These days, thanks to technology, it’s now possible to work from anywhere. Many people have taken this concept to a whole new level by adopting a lifestyle that enables them to travel while also earning a living. These digital nomads, as they’re called, leverage technology to become location independent, working from anywhere in the world with a computer and internet connection. While there’s no right way or wrong way to adopt a digital nomad lifestyle, there are certain best practices that can improve your chances of success. Here are a few things to keep in mind.
First, determine what your marketable skill is.
You can’t become a digital nomad if you don’t first know how you’re going to make a living. For some, this step is easy. For instance, if you are a freelance copywriter with an existing book of business, packing up and hitting the road is easy. For others who don’t yet have a marketable skill or know what direction to go in, getting started is much more challenging.
If you don’t yet have a targeted skill, you may need to invest some time and effort into learning a new digital trade. For example, you might learn how to build websites, analyze data, develop mobile apps or publish eBooks on Amazon. Figure out what makes the most sense for you and then focus on mastering that skill.
From there, building up your book of business is also a good idea before packing up and heading to a new destination. This will provide you with some stability as you embark on your new nomadic lifestyle.
If you’re stumped on what skill to pursue, try to focus on meeting the following criteria:
- Something you love to do (or at least like)
- Something you’re good at
- Something people would be willing to pay for
Alternatively, you could sell products online, such as through a drop-ship ecommerce store. Or, you could simply get a remote job from an actual company. The key is to figure out how you’ll earn a living, whatever path that may be.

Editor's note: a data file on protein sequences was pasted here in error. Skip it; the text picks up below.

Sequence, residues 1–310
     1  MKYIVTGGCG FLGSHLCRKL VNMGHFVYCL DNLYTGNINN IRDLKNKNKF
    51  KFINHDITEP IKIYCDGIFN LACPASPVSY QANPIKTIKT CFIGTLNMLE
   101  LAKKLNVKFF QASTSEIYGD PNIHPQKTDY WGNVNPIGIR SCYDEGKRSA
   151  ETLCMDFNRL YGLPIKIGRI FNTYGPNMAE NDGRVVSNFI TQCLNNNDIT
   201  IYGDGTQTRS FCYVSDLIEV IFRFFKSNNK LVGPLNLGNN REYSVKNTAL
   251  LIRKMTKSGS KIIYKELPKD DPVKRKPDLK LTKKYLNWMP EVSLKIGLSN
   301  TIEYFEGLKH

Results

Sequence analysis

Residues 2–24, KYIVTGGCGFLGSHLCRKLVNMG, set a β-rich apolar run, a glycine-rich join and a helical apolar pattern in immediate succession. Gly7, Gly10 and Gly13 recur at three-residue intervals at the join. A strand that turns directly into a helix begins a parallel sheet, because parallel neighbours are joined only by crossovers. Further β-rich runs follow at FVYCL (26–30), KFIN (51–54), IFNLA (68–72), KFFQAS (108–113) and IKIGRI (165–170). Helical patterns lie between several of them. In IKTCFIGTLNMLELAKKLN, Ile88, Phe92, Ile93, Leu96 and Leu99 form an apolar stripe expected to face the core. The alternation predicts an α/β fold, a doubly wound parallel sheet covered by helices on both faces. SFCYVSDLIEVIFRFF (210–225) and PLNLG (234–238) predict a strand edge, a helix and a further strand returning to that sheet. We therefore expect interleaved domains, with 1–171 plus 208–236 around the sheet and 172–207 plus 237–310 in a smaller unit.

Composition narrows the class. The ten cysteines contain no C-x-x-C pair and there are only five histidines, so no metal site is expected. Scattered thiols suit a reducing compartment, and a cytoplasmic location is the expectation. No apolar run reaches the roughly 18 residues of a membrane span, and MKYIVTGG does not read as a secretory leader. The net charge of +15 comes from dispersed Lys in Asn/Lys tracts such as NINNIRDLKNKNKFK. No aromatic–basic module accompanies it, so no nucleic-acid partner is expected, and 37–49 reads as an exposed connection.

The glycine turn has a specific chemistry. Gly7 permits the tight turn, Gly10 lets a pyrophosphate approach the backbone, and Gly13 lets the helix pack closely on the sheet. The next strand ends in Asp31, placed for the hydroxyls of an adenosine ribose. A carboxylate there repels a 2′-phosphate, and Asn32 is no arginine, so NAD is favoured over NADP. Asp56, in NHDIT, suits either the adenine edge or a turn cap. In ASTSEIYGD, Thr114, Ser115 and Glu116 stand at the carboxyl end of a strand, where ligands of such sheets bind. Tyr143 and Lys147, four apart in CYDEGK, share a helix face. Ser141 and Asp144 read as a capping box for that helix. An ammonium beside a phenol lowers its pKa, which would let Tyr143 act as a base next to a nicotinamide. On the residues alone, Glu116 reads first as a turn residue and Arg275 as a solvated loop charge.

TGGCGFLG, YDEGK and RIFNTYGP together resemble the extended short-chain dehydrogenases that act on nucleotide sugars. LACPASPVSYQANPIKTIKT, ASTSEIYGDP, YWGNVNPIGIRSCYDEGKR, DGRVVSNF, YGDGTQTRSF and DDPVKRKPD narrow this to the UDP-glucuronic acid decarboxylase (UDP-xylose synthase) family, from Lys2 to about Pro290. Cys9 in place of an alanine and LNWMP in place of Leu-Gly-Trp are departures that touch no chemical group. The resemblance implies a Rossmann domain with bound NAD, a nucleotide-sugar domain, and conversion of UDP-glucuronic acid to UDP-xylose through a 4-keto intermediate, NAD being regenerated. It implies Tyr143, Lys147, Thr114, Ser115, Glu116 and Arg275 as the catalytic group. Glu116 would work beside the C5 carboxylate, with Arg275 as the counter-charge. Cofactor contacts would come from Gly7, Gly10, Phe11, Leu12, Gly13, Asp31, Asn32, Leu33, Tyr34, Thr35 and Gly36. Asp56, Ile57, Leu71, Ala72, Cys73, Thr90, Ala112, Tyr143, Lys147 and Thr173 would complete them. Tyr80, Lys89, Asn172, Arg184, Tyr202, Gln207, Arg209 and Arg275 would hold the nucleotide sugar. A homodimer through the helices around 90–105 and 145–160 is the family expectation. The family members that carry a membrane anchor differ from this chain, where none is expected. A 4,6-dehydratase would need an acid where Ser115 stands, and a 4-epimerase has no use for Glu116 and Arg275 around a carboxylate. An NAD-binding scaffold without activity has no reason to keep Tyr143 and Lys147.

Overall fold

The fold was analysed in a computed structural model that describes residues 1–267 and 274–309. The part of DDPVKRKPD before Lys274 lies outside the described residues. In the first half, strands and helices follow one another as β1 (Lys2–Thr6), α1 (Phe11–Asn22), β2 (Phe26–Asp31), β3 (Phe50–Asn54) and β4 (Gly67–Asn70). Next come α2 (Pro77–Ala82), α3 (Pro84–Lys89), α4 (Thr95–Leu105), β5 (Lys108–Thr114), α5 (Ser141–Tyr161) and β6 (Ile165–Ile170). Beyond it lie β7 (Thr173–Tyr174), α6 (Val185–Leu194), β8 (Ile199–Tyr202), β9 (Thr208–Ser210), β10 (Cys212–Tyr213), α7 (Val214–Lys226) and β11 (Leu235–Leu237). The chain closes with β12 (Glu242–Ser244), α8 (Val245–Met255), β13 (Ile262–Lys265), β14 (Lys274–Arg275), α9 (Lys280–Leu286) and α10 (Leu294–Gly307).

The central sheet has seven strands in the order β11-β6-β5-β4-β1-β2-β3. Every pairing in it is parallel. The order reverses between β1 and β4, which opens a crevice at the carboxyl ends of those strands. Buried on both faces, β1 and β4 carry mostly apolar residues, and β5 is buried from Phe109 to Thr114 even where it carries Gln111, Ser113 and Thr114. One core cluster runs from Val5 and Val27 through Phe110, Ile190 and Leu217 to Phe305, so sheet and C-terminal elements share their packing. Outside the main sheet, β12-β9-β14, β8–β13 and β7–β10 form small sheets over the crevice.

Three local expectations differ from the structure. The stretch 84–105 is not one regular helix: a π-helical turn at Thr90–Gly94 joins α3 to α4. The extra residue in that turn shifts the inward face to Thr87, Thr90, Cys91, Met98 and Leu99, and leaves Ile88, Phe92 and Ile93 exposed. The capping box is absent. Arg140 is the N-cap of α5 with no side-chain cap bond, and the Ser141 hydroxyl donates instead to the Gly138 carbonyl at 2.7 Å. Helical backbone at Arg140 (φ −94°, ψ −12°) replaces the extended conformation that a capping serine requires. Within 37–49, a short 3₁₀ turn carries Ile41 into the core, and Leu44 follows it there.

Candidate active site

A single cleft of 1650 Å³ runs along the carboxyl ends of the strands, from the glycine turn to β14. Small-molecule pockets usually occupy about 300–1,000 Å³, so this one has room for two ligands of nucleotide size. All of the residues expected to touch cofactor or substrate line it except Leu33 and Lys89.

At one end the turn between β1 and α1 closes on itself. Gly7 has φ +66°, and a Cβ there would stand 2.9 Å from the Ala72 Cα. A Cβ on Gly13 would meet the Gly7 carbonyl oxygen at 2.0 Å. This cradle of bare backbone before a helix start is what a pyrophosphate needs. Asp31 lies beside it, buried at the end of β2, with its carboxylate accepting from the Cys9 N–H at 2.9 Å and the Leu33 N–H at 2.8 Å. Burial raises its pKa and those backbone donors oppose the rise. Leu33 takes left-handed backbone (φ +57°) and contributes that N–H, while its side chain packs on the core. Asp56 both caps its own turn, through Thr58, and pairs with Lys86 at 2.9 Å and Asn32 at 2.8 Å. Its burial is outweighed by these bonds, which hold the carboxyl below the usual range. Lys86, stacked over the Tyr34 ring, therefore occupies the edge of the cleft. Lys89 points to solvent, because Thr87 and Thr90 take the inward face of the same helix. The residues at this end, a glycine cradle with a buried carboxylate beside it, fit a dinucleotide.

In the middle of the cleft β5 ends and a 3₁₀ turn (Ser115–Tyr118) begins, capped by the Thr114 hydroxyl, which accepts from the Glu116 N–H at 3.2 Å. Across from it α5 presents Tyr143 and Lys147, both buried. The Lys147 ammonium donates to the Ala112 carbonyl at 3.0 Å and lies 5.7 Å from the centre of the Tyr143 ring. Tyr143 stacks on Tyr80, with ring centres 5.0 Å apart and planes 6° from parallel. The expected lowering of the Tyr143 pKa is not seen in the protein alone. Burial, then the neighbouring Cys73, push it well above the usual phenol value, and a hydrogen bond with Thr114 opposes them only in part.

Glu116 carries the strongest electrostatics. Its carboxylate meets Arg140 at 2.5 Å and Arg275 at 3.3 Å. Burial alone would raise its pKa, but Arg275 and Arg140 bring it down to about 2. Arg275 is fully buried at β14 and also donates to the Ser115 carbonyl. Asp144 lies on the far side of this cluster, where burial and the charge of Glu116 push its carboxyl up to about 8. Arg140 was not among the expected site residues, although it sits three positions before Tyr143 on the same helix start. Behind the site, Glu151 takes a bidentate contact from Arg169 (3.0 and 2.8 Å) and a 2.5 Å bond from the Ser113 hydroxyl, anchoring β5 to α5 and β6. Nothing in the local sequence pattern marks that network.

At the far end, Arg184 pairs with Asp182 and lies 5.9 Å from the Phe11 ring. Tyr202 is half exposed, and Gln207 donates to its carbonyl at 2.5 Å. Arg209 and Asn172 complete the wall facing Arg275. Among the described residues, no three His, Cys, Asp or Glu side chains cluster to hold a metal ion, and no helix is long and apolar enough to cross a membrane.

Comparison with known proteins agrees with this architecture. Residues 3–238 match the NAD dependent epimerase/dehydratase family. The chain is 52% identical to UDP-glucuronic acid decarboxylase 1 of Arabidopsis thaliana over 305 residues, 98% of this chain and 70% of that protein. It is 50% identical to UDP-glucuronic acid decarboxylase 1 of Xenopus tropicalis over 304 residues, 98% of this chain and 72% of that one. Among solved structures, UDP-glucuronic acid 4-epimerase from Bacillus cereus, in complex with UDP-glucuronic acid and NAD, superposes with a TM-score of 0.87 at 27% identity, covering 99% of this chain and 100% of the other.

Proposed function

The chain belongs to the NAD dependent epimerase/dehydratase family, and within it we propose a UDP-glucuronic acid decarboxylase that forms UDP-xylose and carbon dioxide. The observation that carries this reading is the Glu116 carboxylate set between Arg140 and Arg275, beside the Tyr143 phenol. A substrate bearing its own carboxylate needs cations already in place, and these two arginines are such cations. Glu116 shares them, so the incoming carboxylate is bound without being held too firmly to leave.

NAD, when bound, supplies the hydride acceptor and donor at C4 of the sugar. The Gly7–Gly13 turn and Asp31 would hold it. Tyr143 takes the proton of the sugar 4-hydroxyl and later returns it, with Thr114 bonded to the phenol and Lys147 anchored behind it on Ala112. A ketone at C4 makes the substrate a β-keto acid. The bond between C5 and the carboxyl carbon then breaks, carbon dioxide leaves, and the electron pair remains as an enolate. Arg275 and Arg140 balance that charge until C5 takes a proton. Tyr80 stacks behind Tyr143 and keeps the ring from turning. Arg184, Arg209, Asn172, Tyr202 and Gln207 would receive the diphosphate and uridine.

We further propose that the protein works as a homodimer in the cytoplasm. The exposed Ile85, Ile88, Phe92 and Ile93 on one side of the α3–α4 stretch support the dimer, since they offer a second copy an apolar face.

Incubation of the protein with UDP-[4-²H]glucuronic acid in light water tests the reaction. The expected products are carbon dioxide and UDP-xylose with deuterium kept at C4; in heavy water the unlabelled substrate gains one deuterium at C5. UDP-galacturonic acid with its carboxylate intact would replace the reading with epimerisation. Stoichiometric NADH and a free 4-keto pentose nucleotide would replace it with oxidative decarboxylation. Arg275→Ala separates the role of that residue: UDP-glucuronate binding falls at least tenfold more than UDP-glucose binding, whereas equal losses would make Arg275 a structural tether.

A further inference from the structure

Next, start selling your services (or products.)
It’s one thing to have skills. It’s an entirely different thing to convince people to hire you for those skills. Likewise, it’s fine to have a product you think is fantastic, but if people aren’t willing to pay for that product, you’re going to be out of luck.
In addition to the skill or product you’re going to sell, you’ll also need the ability to market that skill or product and get paying customers. For skills or service marketing, you can take advantage of many of the available online platforms, such as Upwork, Udemy and Fiverr, to start building your book of business and generating income.
If your business model is product-based, investing in advertising and gaining some traction before launching your nomadic lifestyle is a wise idea. Again, this will give you a foundation to rely on as you begin traveling.
Eliminate the things that may hinder your freedom.
Living a long-term travel lifestyle requires many sacrifices. To be a successful digital nomad, you must be willing to break down and rid yourself of the barriers to your freedom. These barriers may include, but are not limited to:
- Financial commitments (i.e. mortgages, car payments, physical business location, etc.)
- Possessions (the best nomads adopt a minimalist lifestyle)
- Fears (you may have doubts, but you’ll never know until you take that leap)
Choose your location and GO!
Once you’ve determined how you’ll make a living and overcome the things that are standing in your way, the final step to becoming a digital nomad is to pack your bags and hit the road. Figure out where you’d like to begin your journey, looking for a location that is affordable and offers what you need (i.e. internet access, network stability, etc.) and then map out your plan.
If you’re unsure where to begin, start by researching and compiling a list of 10-15 of the best places to live and work remotely (here’s a helpful resource to get you started.) Then, prioritize your list according to your personal situation and preferences. Finally, make your reservations and go!
What about you? Are you living the digital nomad lifestyle? What advice would you give to others who are interested in becoming location independent? We’d love to hear about your experiences below!